Thursday, March 1, 2012

What silicon valley executives keep getting wrong about education

This is a great article from Dr. Keith Devlin which starts with Sun Microsystems' co-founder Vinod Khosla's reading of what is wrong with education:
' "Education 2.0 [...] we have not experimented enough with [...] out-of-the-box approaches but have instead tried to force-fit [...] traditional (often broken) ideas into the 'computerized' model."
Devlin's critique bring in Sal Khan and the flipped classroom and makes some good, balanced points about it:
"Which might sound fine if this statement were not preceded by his explicit mention of Khan Academy as one of the new experiments. For KA is precisely a traditional approach transported onto the Web, namely one-to-one instruction, sitting side-by-side with the teacher. Is KA valuable? Sure it is? But "all" Sal Khan has done is take the traditional textbook instruction and put it up on YouTube."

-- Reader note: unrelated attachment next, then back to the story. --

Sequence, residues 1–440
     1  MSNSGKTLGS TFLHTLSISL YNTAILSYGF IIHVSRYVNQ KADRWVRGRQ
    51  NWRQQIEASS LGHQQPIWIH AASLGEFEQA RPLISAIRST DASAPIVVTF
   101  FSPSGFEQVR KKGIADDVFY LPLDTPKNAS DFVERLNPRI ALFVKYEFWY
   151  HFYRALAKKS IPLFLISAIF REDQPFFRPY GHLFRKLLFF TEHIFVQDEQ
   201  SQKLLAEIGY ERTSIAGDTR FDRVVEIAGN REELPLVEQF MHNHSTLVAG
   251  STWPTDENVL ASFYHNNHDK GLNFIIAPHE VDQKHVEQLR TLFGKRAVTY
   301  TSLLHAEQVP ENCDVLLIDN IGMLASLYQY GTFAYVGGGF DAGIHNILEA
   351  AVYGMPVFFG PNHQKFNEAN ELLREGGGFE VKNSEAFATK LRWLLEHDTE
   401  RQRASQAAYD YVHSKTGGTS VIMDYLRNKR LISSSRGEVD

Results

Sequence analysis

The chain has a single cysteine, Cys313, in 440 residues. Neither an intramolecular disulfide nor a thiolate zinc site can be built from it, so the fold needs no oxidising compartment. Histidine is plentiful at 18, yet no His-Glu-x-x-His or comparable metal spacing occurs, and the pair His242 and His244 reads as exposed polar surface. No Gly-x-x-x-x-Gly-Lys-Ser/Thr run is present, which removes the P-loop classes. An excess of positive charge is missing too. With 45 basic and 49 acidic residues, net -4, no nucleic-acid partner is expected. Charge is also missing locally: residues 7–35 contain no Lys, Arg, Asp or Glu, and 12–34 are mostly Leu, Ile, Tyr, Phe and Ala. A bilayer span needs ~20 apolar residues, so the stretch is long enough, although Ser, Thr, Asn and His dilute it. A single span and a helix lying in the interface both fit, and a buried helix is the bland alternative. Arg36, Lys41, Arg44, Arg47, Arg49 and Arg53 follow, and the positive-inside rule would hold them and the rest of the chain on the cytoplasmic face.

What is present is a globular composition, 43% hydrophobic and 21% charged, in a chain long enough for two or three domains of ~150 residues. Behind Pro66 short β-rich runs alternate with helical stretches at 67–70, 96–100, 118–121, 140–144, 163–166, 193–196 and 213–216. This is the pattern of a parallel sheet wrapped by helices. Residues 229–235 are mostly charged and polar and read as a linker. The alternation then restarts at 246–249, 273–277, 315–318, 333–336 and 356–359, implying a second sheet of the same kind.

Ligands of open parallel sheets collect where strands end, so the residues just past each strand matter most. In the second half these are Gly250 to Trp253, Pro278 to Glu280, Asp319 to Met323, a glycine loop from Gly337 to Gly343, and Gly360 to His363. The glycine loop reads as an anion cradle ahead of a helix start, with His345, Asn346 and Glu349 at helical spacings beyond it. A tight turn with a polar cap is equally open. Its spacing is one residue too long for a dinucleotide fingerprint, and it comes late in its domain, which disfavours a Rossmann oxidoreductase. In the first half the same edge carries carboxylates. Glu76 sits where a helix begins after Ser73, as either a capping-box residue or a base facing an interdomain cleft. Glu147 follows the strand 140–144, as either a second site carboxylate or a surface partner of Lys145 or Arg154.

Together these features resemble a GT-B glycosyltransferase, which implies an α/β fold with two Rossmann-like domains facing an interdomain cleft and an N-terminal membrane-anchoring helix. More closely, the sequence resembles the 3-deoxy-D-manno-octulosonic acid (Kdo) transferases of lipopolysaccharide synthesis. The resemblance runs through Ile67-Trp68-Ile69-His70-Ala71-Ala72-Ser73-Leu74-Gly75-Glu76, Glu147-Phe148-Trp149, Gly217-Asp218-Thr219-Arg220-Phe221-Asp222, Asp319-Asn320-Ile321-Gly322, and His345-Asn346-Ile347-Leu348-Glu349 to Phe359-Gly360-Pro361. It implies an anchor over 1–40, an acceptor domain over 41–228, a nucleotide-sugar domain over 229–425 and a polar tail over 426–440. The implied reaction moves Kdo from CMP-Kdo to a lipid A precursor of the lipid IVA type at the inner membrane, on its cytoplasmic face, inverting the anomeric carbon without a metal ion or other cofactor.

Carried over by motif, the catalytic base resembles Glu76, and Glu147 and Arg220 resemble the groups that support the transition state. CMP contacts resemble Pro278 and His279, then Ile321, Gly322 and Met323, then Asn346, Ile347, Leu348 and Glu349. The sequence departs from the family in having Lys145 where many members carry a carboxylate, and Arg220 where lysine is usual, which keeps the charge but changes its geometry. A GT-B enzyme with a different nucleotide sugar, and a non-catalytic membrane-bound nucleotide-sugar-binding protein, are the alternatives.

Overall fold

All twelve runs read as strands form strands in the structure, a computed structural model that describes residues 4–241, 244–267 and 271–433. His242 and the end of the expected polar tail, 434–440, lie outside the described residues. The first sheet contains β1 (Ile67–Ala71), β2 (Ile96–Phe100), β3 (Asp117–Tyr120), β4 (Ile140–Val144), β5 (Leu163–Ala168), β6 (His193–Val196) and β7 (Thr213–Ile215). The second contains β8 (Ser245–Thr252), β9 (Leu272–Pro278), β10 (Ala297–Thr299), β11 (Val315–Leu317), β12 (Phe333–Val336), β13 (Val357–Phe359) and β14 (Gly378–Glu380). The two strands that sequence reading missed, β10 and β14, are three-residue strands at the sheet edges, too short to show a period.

Devlin's great point about the Khan Academy (which a lot of people miss) is..
"what resources like Khan Academy provide is instruction, not teaching/learning. Anyone who has been lucky enough to experience good teaching will know the difference"
He goes on to say:
"Khan is a good instructor -- he explains well in a highly non-threatening, "I am your friend" way. That's not an easy thing to achieve when the entire information channel consists of his voice and a screen-trace of what his hand writes on a tablet screen." 
"Watching videos of people playing golf will surely help you learn to play, but you won't get very far without going out on the fairway, frequently, and doing so with a good coach who can watch what you do and correct your inevitable errors. Not once but many times, over a long haul." 

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